moonlit pines dimming the flashlight

But even here, the fact that "moonlit pines" is not written as 'the moonlit pines' tells one that the author was silently designating the first line as the fragment even though the middle line has its own curious brevity. Still the lack of punctuation allows the reader to try out the thought that as the moonlight in the pines became dimmer someone had to turn on a flashlight. Or, reading the poem as it was experienced: the moonlight on the pines was so bright theflashlight seemed to be getting dimmer.

[5] William Kelly Simpson in , Harcourt Brace Jovanovich 1971.

A cricket disturbedthe sleeping child; on theporcha man smoked and smiled.

Biography Sir Isaac Newton | Biography

Two archeologists have already gone on record identifying the invaders as the Israelites. In an article published in Biblical Archeology Review , Israeli archeologist Rudolph Cohen demonstrated that the two invasions match in every detail. Faced with the problem that the two are separated in time by some eight centuries, Cohen backed down a bit:

mountain heart in the stone mountain tunnel light

First and foremost, and certainly the guideline which I have consciously or unconsciously followed the longest, is the one that a haiku must be divided into two parts. This is the positive side of the rule that haiku should not be a run-on sentence. There needs to be a syntactical break dividing the ku into two parts. From the Japanese language examples this meant that one line (5 onji) was separated from the rest by either grammar or punctuation (in the Japanese an accepted sound-word - - was as if we said orwrote out "dash" or "comma").

[8] Immanuel Anati, , Rizzoli International Publications, New York 1986.

19. Use of common sentence syntax in both phrases.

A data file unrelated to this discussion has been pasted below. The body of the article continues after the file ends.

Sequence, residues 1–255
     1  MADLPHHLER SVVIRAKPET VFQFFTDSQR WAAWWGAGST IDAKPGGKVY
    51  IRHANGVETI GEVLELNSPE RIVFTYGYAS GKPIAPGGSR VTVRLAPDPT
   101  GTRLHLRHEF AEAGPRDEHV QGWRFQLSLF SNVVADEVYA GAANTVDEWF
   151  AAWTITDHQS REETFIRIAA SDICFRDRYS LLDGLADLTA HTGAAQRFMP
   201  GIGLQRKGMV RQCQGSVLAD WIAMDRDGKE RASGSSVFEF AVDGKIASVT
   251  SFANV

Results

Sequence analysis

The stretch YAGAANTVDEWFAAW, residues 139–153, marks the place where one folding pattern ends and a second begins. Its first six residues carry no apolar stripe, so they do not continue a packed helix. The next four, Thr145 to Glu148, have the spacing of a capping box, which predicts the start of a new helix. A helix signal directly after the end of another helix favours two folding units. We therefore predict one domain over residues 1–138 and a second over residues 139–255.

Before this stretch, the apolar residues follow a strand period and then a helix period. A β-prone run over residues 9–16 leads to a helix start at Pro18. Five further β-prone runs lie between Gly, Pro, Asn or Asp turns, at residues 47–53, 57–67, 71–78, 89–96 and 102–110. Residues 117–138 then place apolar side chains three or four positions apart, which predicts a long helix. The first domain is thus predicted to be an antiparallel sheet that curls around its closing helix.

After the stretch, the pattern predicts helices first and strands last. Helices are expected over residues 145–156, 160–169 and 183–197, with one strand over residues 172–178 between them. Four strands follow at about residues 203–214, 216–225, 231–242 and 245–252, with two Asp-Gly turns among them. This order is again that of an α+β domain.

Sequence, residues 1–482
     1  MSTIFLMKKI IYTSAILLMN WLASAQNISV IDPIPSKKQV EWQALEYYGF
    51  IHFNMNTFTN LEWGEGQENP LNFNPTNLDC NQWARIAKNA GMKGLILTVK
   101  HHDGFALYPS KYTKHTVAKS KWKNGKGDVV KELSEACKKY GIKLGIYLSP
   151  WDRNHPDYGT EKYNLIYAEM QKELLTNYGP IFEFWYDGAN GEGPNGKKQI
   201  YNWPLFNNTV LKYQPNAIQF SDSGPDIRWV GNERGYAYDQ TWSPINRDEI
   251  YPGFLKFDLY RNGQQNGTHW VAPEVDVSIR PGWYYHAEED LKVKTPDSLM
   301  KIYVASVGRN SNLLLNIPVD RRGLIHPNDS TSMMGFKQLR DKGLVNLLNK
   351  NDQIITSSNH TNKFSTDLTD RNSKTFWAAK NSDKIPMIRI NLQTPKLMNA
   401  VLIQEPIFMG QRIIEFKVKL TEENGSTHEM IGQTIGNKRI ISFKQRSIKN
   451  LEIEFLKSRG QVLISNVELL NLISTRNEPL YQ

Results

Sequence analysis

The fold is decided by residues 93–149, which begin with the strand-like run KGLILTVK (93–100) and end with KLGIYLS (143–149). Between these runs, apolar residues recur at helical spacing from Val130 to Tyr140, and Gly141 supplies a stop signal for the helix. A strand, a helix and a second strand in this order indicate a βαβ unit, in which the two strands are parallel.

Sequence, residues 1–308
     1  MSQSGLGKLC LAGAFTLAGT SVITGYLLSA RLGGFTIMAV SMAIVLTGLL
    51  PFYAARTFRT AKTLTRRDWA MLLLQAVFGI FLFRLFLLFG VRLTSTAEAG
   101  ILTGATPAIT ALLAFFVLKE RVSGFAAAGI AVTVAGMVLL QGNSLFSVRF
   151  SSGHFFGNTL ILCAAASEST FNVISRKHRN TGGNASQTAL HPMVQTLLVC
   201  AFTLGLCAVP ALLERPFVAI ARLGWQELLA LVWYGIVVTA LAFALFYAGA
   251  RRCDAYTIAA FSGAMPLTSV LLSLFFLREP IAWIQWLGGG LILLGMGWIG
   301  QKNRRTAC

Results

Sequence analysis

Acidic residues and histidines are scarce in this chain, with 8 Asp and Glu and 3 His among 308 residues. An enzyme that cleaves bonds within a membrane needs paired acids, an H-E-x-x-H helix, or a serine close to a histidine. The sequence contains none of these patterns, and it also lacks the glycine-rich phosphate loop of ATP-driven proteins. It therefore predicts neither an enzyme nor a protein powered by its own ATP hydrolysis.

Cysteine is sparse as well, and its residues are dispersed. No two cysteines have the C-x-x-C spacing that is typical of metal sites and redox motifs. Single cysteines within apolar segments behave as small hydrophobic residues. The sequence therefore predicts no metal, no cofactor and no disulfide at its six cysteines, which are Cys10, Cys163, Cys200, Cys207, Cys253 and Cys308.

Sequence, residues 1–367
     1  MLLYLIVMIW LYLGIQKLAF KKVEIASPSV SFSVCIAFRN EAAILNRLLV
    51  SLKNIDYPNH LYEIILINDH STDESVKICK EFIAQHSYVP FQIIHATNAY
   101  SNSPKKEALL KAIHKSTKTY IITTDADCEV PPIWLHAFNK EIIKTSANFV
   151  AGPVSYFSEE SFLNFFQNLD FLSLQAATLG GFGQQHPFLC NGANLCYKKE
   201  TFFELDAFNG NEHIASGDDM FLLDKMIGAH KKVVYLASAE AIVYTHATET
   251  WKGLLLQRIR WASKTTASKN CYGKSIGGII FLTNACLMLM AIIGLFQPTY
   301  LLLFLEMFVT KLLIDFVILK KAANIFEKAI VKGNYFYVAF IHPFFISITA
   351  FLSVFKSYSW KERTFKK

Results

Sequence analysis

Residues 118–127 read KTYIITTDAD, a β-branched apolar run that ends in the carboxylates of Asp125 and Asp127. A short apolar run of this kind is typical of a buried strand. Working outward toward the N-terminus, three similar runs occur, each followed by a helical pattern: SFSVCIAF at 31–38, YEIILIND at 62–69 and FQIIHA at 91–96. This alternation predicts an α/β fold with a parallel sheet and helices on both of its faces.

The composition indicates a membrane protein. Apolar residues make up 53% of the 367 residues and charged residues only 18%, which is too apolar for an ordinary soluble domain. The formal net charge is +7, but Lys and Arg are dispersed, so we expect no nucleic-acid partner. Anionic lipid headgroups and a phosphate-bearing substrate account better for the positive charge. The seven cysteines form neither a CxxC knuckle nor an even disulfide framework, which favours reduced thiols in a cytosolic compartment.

While this has a double entendre, we believe it refers toa huge landslide leaving a bare spot on the mountain. Aboutfour miles from the Seki River Gorge, is a beautifulwaterfall, called Nae-no-Taki, or Jishin-daki (earthquakewaterfall). While old Issa was observing these magnificentfalls, he noticed the misty spray hovering over someflowering cherry trees, and he thought them comparable todistant trees making a cloud on mountains.

22. Save the "punch line" for the end line.

North of Mt. Kurohime, there is another mountain calledMyoko, a very jagged peak which stands across the valley ofthe Seki River. Being impressed with the masculinity ofMyoko, Issa wrote: .

4. Seventeen syllables written in a vertical (flush leftor centered) line.

5. Less than 17 syllables written in three lines asshort-long-short.

Personally, I would prefer more discussions of these techniques using riddles, associations, contrasts, oneness, sense-switching, narrowing focus, metaphor and simile (yes! judicially and in moderation), sketch (Shiki's ), double entendre, close linkage, leap linkage, pure objectivism, and more, rather than the mysterious idea that if one has a true haiku moment the resulting ku will be an excellent haiku. This is pure rot. The experience is necessary and valid (and probably the best part of the haiku path), but writing is writing is skill and a craft to belearned.

6. Less than 17 syllables written in three vertical linesas short-long-short. (Ala Barry Semegran)

8. Use a season word (kigo) or seasonal reference.

We appear to be at a standstill. The only options are to relegate the Exodus to the status of myth, or to conclude that there is something seriously wrong with the generally accepted dates for Egyptian history.

9. Use a caesura at the end of either the first or secondline, but not at both.

14. Always written in the present tense of here andnow.

On a large green stone under the cryptomerias thatsurround the little shrine at Suwa, where he spent lonesomedays as a child, is found carved this verse: